This summer incoming freshmen at colleges across America will participate in an unfamiliar ritual: They will read a bad book and then tell complete strangers what they think of it.
That isn’t how the colleges characterize it, of course. They assign common readings to these students, and set up discussion sections during orientation, supposedly to build community, state the college values, and introduce students to college expectations.
They almost always assign a book that meets these criteria: a recent book, an uplifting book (ideally a memoir), a book that focuses on suffering, and a book suffused with progressive politics. Furthermore, the author should be able to come to campus to give a speech at convocation or during the fall semester. And most importantly the book can’t be difficult to read, since colleges need (in the words of John N. Gardner, who coined the phrase “first-year experience”) to “plan for the students you actually have, not those you wish you had, or think you used to have, or think you used to be like.”
The award for the most juvenile summer book of recent years probably goes to March, a comic-book biography of civil rights activist John Lewis. At least no North Carolina school has chosen it.
Many students in North Carolina will suffer through a typical selection of common readings this summer. So far, four colleges in the state—Duke University, East Carolina, Elon, and North Carolina State—have assigned Bryan Stevenson’s Just Mercy: A Story of Justice and Redemption, a memoir that tells readers the American justice system is incurably racist and unjust.
Random House advertises Just Mercy to high school teachers and boasts that it was selected as a common reading at Boston College High School and the Browning School. So, four North Carolina universities have decided to introduce students to college expectations with a book that the publisher thinks is appropriate for high school students.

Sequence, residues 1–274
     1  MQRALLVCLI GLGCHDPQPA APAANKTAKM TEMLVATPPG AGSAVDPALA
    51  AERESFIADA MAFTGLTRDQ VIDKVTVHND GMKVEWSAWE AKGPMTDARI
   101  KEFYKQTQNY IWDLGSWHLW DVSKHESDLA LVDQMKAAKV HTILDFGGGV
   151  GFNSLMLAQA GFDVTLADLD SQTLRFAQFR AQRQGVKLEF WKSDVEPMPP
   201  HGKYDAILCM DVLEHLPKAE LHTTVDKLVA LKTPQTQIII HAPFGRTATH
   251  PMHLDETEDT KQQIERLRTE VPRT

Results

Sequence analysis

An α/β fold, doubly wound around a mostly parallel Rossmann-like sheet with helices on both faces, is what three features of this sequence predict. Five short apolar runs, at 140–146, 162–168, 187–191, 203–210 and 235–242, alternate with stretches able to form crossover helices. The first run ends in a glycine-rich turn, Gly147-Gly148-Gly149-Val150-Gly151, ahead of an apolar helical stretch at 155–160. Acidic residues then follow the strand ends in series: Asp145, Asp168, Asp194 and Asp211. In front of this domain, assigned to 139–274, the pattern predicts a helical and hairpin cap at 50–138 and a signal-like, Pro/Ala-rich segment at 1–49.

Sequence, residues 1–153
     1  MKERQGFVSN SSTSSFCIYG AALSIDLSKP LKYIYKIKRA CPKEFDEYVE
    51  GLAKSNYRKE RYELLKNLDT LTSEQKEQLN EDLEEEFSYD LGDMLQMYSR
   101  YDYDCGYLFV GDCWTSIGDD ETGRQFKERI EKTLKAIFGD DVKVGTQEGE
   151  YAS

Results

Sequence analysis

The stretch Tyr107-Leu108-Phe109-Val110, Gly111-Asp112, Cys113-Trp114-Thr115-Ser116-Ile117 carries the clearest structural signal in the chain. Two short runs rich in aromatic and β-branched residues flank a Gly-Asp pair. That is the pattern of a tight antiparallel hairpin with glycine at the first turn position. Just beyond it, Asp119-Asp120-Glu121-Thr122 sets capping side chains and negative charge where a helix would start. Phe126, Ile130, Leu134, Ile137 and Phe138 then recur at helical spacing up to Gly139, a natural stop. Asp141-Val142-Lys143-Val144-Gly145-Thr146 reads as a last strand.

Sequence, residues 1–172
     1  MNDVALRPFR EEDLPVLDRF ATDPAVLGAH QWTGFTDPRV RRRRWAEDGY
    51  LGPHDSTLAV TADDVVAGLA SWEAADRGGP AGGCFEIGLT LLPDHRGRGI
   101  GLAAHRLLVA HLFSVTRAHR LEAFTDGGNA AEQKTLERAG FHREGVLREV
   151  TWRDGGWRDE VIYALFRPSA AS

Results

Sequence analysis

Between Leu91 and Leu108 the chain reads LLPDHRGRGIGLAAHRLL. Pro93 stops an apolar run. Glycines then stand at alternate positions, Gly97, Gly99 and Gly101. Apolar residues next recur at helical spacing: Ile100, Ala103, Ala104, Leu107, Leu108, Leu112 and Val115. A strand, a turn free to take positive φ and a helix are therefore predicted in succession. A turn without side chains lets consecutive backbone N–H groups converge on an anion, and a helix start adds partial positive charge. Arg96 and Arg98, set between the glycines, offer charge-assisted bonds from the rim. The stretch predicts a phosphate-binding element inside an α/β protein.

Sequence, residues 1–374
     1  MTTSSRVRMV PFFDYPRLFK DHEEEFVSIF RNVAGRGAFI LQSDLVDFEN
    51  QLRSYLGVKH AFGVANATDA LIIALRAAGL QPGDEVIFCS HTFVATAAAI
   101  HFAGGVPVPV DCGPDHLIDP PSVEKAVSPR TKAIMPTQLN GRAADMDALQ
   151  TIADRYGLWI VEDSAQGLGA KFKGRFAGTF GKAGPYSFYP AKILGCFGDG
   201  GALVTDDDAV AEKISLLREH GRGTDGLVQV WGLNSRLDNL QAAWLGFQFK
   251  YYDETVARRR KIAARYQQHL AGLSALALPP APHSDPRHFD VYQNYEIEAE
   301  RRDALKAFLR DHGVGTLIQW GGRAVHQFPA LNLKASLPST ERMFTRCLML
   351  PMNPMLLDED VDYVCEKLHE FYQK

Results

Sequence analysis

North Carolina students at other colleges will endure much the same material.
- At Barton College, they will read Jay Williams’ memoir Life is Not an Accident: A Memoir of Reinvention—a black NBA star recovers from a motorcycle accident.
- At University of North Carolina at Greensboro they will read Najla Said’s memoir Looking for Palestine: Growing Up Confused In An Arab-American Family—Edward Said’s daughter embraces being Arab-American.
- At Western Carolina they will read Dayo Olopade’s uplifting nonfiction The Bright Continent: Breaking Rules and Making Change in Modern Africa—all of Africa is full of hopeful possibilities for the future.
- At University of North Carolina at Charlotte they will read Kennedy Odede and Jessica Posner’s memoir Find Me Unafraid: Love, Loss, and Hope in an African Slum—a Kenyan and an American fall in love, she helps him get a college education in America, and they return to Kenya to found a non-governmental organization.
Colleges can do better by their students—and at their best, they do.
In 2014, Queens University of Charlotte assigned Adam Johnson’s The Orphan Master’s Son. This novel is more than just an exposé of the horrors of North Korean life; For literary artistry and psychological insight, it deserved its Pulitzer. That same year, Belmont Abbey College assigned Graham Greene’s The Power and the Glory (1940), a modern classic that tells of the 1930s Mexican government’s anti-Catholic terror with literary power and psychological profundity. Last year Elon University assigned Martin Luther King, Jr.’s Why We Can’t Wait (1964)—a choice that satisfied progressive pieties, but which also introduced students to a work of literary and historical importance by a figure in America’s modern canon.